(iii) that during a "very brief" telephone call with Hearing Officer Bowers on June 1 or 2, Mr. Baker "stated that [he] was confused by the May 24, 2017 Decision and Order, because the remedy provided - a 6-month 'suspension, ' rather than a 'revocation' - was inconsistent with the language contained in the City's ordinance, " (id. at ¶ 13);[4] and
(iv) that Hearing Officer Bowers "immediately acknowledged the conflict between the language of his Decision and Order and" the relevant City Code provision, § 5-15-27(e), and he "stated that he would clarify his intention by issuing a corrected Decision and Order, " (id.).

         Nonetheless, while Defendants agree that this ex parte telephone conversation between Mr. Baker and Hearing Officer Bowers led to the issuance of an amended decision and order that changed the six-month "suspension" of Plaintiff's license into a six-month "revocation, " they point to case law indicating that a party may appropriately engage in ex parte communication with a judge in order to bring a clerical or typographical error to the court's attention. See, e.g., Thomas v. District of Columbia, 407 F.Supp.2d 102, 112 (D.D.C. 2005) (opining that "to the extent that a clerical error in a decision is detected by a party, the party has an affirmative obligation to inform the decision-maker such that the resulting [o]pinion reflects what was intended and actually decided").

         Although the Court shares Plaintiff's skepticism that the ex parte communication between Mr. Baker and Hearing Officer Bowers concerned only a clerical mistake or typographical error, rather than a substantive matter, it is unnecessary to resolve this question. Rather, the proper disposition of Plaintiff's motion turns on a threshold issue that neither party has addressed to the Court's satisfaction - namely, whether this Court has the authority to investigate and take action against a non-party's purported ethical violation that has no apparent bearing upon this case. Under the undisputed record, the ex parte contact at issue here was initiated by Douglas Baker, a City of Detroit attorney who has not appeared on behalf of any party to this suit. Mr. Baker directed this ex parte communication to Hearing Officer Bowers, who likewise is not a party to this suit.[5] Although this ex parte communication conveyed information stated on the record at a May 31, 2017 hearing before this Court, Plaintiff does not suggest that counsel for Defendants in this case, Eric Gaabo, acted improperly or unethically by sharing this information with a colleague in the City of Detroit Law Department.[6]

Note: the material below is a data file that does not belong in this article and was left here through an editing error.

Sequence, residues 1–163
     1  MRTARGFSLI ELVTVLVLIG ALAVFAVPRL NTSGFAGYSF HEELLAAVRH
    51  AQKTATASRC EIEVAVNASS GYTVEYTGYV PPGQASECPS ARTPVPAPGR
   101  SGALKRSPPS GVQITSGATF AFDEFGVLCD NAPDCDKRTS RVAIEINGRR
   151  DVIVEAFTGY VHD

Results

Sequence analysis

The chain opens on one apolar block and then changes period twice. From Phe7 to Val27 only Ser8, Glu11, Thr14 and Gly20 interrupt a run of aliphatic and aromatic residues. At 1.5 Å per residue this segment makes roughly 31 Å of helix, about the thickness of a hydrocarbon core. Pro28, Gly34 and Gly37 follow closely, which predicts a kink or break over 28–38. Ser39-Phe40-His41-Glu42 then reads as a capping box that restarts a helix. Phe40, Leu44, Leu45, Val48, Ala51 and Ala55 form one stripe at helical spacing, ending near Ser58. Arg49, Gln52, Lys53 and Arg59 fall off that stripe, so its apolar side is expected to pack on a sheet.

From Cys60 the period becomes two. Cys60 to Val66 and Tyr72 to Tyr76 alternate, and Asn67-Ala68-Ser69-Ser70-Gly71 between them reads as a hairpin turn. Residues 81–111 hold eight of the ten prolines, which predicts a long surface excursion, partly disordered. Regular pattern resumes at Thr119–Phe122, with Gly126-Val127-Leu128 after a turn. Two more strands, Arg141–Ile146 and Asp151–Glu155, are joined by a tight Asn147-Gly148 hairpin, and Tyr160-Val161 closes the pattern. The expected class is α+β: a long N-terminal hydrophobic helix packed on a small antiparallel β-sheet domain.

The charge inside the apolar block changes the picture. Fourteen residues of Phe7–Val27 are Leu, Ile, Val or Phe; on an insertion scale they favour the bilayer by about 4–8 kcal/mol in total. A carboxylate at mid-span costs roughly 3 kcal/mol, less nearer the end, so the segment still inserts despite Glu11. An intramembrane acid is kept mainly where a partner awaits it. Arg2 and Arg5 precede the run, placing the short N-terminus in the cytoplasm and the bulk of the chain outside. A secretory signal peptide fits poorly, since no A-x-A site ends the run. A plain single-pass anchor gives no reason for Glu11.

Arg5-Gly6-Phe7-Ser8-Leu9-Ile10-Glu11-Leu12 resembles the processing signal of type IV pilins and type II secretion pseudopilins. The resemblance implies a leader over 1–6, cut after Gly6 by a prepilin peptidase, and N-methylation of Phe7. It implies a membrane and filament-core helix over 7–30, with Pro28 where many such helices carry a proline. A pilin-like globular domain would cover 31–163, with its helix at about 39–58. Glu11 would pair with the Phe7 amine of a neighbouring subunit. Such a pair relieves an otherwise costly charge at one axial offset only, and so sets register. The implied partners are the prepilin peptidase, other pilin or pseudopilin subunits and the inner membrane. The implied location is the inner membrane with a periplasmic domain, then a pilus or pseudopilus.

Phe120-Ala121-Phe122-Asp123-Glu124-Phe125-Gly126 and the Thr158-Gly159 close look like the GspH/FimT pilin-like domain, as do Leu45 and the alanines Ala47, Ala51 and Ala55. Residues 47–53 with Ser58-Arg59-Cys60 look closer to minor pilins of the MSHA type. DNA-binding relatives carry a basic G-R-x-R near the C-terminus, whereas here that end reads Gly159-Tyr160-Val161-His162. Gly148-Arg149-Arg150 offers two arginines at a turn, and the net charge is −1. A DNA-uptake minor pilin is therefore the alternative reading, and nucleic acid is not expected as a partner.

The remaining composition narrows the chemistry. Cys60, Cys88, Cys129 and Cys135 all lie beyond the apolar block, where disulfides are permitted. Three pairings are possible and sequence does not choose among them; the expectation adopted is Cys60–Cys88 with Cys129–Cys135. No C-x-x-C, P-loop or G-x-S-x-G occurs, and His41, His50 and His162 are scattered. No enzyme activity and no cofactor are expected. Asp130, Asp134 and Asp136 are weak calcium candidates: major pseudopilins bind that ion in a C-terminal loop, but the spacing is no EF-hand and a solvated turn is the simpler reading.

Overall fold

Under these circumstances, the Court finds no basis for conducting an inquiry into the alleged ethical violations of an individual, Mr. Baker, who has not participated in this suit in any fashion, whether as a litigant or as counsel. While Plaintiff appeals to Chambers v. NASCO, Inc., 501 U.S. 32, 45-46, 111 S.Ct. 2123, 2133-34 (1991), as recognizing a federal court's inherent power to impose sanctions against a party or attorney who has engaged in bad-faith conduct, the courts have cautioned against the overly broad use of this authority to police the activities of non-parties. In Helmac Products Corp. v. Roth (Plastics) Corp., 150 F.R.D. 563, 566-67 (E.D. Mich. 1993), for example, the court deemed it appropriate to sanction the individual owner and chief executive officer of the corporate defendant for directing the destruction of documents responsive to the plaintiff's discovery requests, reasoning that this individual was "closely tied to the litigation" and that his actions "directly interfered with the conduct of trial." In so ruling, the court adopted a two-part standard for determining whether a non-party who is not subject to a court order may be sanctioned under the court's inherent authority: the non-party "must (1) have a substantial interest in the outcome of the litigation and (2) substantially participate in the proceedings in which he interfered." Helmac Products, 150 F.R.D. at 568. The court explained that "[t]his test will effectively limit the scope of the Court's inherent power to sanction to those individuals who were either (1) parties, (2) subject to a court order, or (3) real parties in interest." 150 F.R.D. at 568; see also In re VIII South Michigan Associates, 175 B.R. 976, 983-87 (Bankr. N.D.Ill. 1994) (discussing Helmac Products and other cases in determining that "[t]he holding in Chambers . . . should not be extended to non-party expert witnesses who have not appeared in court, testified in any proceeding, nor violated a court order").